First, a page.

From pot to plate: Part 1

The Bridlington Bay lobster fleet

Tradition, Bridlington fleet
Rich Stephenson’s lobster boat, Tradition, coming into Bridlington harbour Photo courtesy of Janet Cartwright

Think about the last thing you ate. Do you know where it came from? Do you know the people involved in getting it to you? Do you know what skills were needed to bring you the food?

Faced by the vast choice of food on shop shelves, available throughout the year and from all over the world, we often don’t give it another thought – the food is just there. In many instances, it’s available to you due to processing techniques and production lines and there isn’t much of a story to tell.

But getting a native Bridlington Bay lobster from pot to plate relies on a number of people, each bringing very particular skills, expertise and knowledge to their stage of the lobster’s journey.

And that journey starts with the people with the pots.

Meet the Stephensons

Rich Stephenson
Rich Stephenson, skipper of Tradition. Photo courtesy of The Yorkshire Dalesman magazine

Bridlington has been home to fishing families for centuries and the skills and local knowledge has accumulated, passed down through the generations. Parent taught child teaches child – and so it continues. Today, many of the boats in the fleet are crewed by family teams, including Tradition which belongs to the Stephenson family.

John Stephenson is now aged 76 and retired, but he first went to sea aged 15 and spent 56 years fishing in Bridlington Bay. Fishing was so much part of his family heritage that he never considered doing anything else. And judging by his stories of school teachers letting him miss school in order to go to sea (in exchange for a few crabs), everyone else expected him to follow that path too.

Today, it is John’s son Rich who skippers Tradition. GPS and an onboard computer make it easier to track the pots and mobile phones make communication quicker, but a day in the life of the Tradition crew is as long, strenuous and unpredictable as it was when John first when out.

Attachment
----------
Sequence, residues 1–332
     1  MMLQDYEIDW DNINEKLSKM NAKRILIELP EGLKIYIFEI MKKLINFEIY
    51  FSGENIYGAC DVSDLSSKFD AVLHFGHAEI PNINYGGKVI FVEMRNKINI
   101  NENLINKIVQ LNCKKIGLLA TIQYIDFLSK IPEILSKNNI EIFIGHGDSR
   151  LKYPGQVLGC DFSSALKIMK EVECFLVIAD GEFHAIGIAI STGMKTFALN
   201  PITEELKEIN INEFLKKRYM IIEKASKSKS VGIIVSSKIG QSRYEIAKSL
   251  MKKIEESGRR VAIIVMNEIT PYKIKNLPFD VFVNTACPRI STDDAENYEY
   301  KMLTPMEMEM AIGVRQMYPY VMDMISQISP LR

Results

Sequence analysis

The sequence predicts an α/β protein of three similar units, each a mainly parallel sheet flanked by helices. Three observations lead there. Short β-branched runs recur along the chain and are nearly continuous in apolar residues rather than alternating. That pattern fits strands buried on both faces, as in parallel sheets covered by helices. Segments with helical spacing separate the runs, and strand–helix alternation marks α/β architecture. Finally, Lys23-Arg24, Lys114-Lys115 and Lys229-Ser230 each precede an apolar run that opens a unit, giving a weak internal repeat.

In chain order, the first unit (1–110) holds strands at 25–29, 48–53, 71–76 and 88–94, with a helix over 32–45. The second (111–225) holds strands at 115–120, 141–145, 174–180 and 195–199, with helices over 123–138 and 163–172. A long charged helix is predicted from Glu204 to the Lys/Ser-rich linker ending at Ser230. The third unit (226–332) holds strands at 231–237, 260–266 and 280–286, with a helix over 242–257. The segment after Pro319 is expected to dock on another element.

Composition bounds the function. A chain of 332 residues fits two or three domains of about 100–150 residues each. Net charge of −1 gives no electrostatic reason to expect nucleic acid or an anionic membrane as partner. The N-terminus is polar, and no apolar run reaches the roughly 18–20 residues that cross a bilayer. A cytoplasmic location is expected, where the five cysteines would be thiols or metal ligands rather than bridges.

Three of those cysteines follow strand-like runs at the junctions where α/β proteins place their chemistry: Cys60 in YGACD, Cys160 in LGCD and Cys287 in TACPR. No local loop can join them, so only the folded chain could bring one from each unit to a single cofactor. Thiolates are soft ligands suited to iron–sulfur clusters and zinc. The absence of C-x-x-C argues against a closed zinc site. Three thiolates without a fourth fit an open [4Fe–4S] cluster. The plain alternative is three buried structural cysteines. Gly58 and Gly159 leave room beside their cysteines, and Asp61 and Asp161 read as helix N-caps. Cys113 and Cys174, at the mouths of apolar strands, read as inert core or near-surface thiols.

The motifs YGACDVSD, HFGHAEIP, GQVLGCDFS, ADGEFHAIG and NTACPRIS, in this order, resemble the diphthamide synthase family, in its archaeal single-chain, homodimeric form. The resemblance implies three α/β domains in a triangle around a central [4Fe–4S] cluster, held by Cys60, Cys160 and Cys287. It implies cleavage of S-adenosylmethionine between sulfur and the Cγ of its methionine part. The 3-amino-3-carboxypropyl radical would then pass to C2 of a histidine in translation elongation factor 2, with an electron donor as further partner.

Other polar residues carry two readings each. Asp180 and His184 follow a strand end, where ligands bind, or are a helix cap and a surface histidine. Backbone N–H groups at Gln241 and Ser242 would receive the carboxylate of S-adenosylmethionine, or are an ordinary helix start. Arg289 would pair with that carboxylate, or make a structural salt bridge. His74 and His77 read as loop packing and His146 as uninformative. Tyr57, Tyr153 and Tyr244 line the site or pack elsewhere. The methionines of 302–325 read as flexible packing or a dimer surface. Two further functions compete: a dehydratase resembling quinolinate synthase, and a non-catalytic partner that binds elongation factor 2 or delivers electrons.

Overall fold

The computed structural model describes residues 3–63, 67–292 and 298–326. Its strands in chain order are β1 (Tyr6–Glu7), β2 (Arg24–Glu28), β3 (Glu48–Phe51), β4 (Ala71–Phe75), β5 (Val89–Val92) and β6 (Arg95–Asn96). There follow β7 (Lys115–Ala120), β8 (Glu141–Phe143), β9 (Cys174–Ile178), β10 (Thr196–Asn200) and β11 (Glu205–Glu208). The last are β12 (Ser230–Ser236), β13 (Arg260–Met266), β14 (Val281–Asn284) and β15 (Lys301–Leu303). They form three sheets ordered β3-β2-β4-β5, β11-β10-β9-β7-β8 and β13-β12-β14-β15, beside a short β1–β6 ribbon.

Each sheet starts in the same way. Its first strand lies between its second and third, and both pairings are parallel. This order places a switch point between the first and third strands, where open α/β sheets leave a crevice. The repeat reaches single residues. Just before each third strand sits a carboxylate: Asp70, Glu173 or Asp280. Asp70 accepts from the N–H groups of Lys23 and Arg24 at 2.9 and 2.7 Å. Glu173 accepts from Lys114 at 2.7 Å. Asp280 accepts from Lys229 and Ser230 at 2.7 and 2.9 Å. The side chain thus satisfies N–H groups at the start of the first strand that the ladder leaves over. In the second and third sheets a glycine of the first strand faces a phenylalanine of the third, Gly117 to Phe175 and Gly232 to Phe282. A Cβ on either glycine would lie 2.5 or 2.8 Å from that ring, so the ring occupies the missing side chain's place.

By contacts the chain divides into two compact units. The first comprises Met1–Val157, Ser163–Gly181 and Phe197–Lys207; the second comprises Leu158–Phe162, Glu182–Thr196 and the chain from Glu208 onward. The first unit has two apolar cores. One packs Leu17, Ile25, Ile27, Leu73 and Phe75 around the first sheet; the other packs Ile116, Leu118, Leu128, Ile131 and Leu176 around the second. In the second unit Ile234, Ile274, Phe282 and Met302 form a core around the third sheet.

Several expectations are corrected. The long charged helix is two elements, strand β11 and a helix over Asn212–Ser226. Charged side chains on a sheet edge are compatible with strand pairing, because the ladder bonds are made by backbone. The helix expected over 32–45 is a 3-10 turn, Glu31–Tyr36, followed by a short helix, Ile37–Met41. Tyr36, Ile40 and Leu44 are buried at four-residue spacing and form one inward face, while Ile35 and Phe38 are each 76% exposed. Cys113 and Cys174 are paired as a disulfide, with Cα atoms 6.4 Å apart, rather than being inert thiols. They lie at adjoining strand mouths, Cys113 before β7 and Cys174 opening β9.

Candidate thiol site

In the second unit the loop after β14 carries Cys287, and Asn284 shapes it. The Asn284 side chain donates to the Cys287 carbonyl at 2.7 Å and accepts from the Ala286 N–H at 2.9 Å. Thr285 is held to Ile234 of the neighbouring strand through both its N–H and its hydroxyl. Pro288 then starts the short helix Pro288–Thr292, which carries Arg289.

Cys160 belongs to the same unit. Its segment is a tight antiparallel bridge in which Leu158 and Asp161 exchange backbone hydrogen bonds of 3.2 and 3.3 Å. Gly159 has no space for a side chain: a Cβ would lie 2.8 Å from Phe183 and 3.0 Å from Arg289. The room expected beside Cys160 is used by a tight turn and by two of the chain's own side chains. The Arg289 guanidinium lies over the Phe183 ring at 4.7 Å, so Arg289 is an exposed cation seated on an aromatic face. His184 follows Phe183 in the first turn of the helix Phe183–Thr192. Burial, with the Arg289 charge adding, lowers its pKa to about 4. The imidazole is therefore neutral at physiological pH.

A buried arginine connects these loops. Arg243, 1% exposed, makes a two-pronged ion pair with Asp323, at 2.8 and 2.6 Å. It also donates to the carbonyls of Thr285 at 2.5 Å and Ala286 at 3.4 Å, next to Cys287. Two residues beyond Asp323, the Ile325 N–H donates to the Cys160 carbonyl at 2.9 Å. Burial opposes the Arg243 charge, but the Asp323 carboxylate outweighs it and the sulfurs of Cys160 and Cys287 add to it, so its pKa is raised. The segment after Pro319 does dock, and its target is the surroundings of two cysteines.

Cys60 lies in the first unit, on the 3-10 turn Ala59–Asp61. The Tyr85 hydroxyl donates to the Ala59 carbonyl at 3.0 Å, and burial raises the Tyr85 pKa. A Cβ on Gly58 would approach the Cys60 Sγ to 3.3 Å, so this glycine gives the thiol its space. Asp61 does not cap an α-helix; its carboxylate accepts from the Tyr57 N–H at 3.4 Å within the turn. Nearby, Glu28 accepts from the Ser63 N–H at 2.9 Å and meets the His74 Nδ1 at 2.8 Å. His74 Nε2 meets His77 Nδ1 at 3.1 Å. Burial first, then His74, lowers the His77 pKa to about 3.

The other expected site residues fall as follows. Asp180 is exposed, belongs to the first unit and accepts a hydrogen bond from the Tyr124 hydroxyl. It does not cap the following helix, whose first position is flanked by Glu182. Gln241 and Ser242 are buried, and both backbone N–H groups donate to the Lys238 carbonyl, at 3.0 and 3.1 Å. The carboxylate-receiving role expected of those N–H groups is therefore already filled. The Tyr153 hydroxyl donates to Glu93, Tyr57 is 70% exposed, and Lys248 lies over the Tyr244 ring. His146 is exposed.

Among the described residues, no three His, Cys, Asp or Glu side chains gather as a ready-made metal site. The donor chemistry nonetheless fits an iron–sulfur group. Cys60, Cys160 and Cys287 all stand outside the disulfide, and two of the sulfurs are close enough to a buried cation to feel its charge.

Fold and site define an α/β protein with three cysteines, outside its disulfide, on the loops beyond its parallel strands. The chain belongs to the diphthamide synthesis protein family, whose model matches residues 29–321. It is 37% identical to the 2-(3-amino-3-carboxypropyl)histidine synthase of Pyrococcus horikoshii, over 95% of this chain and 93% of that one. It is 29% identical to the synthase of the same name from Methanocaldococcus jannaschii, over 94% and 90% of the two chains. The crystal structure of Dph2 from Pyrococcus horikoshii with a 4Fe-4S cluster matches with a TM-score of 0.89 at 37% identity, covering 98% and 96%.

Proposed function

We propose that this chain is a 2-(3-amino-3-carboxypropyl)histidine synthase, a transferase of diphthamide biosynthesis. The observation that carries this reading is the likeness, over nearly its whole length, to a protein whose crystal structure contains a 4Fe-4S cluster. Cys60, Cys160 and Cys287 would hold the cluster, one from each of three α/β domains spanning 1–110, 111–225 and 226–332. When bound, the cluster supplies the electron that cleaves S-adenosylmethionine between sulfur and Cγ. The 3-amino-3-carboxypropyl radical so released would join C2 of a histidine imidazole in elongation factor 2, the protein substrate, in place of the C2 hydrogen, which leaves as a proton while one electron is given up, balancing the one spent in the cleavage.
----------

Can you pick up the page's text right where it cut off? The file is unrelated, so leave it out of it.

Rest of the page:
The morning we spoke to John, Tradition had left harbour at 3am with Rich at the helm plus grandson Jake and apprentice Oli as crew. After three hours they would arrive 25 nautical miles offshore, where they would begin the work of pulling up, inspecting, emptying (hopefully), rebaiting and returning around 400 pots. They were expected back in Bridlington Harbour at around 5pm when they’d unload, before preparing Tradition for the next day when they’d repeat the process. With about 2,500 pots in total, the cycle is continuous and the role is not for the faint-hearted or fair-weathered.

The risk and reward

What is it that keeps the Stephensons going out to sea, day in day out, in all weathers, at the most unsociable times and with the knowledge that risk is part and parcel of the job?

lobster catch
Bridlington Bay Lobster Photo courtesy of Northern Shores Marine Consultancy Ltd

For John, the satisfaction of achieving was a big attraction. “Fishing requires an inventive mind – if something’s not working you have to find an alternative, because without a catch there’s no income.” He talks about the beauty of lobster fishing being that it is on the lobsters’ terms – if they  don’t want to go in the pot, they won’t. So it’s up to the boat crew to make sure that everything is as favourable for a catch as it can be.

With a job that is so influenced by variables – the weather, seasons and tides are not in anyone’s control – it requires a real commitment to keep going to sea. Thank goodness that the crew of Tradition – and the rest of the Bridlington fleet – have that commitment. Not only do they make native Bridlington Bay lobster available, they are continuing a longstanding tradition and passing on their knowledge to the next generation.

So when you next tuck into Bridlington Bay lobster, eaten with fresh bread and butter or in a bowl of bisque, spare a thought for those people who took the lobster on the first stage of its journey from pot to plate – because you wouldn’t be eating it without them.

Similar Posts